I’m working on a project related to Dante at the moment. I’m not at liberty to say exactly what I’m doing just yet, though I can tell you that this particular project is unrelated to printing the unfinished Dante catalogue, which, despite my best efforts, continues to reside in Limbo.
The project I’ve been asked to undertake requires me to be able to explain in a short and understandable way the history of Dante and The Divine Comedy to a youngish (say 18-25) American audience who has, perhaps, never before heard of either the author or his centuries-famous work.
What can I say?
I love a challenge.
Though the works of Dante have an age and complexity that might seem daunting on the surface, introducing Dante to those who have not yet met him is a privilege. Indeed, that’s exactly what I used to do when, as an English teacher, I taught The Divine Comedy to my high school classes. But I also wondered whether I have spent so much time in recent years reading and collecting Dante that I will be unable to speak about him in terms that are interesting and relevant to a new generation.
Like I said, I love a challenge.
To conduct research, I went not to my own catalogue, which is rife with explanations, images, and references, but out the door to my garage.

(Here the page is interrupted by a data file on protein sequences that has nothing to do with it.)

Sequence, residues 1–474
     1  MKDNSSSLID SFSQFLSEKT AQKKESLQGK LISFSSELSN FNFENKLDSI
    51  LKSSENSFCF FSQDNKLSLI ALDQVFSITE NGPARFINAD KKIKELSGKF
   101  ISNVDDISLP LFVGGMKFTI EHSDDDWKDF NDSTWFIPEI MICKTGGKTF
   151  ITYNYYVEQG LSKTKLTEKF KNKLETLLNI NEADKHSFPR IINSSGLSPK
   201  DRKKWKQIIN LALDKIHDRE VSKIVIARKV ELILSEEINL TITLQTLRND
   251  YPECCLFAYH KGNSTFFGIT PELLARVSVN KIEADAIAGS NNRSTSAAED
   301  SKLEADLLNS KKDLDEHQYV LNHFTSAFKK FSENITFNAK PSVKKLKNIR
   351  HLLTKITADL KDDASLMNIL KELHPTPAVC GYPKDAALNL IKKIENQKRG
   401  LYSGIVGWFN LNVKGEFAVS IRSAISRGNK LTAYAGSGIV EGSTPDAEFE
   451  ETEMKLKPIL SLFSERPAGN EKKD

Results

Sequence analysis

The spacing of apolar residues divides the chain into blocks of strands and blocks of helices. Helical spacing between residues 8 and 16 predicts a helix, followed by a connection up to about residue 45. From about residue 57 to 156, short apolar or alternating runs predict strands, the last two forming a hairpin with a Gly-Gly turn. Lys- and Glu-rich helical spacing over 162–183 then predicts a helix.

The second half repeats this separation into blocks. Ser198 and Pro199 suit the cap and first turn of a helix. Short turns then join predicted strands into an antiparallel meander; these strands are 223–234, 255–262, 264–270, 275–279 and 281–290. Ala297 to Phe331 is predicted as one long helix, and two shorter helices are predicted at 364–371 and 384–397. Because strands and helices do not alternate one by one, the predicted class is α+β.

Why would I do that?
Out in the garage, underneath cleaning supplies and gardening tools, reside two unassuming, grey, four-drawer file cabinets. The cabinets came home with me on my last day of teaching high school, just before I gave birth to Huck, back in 2000. Inside the file cabinets are all of the lesson plans, assignments, tests, and notes on the various courses I taught — English I Honors (freshmen), English II (sophomores), English IV Advanced Placement (seniors) — and the various projects I coordinated (publication of the student literary magazine). I held on too all of these things for inspiration in case I ever return to teaching.
For the past almost-decade, the two file cabinets have stood all but forgotten except for their ability to be used as a place to prop tools and stack supplies. The tops of the cabinets also make a fine place to lay wet laundry so it can dry. I had almost forgotten about what was inside the drawers.
Little did I know that I would be using the contents of the cabinets today, almost a decade later, in preparation for the current project. I pulled out my notes on teaching Dante and reviewed what my nine-years-younger self had to say on the topic.
More interesting than my own thoughts were some of the papers I had saved from my former students.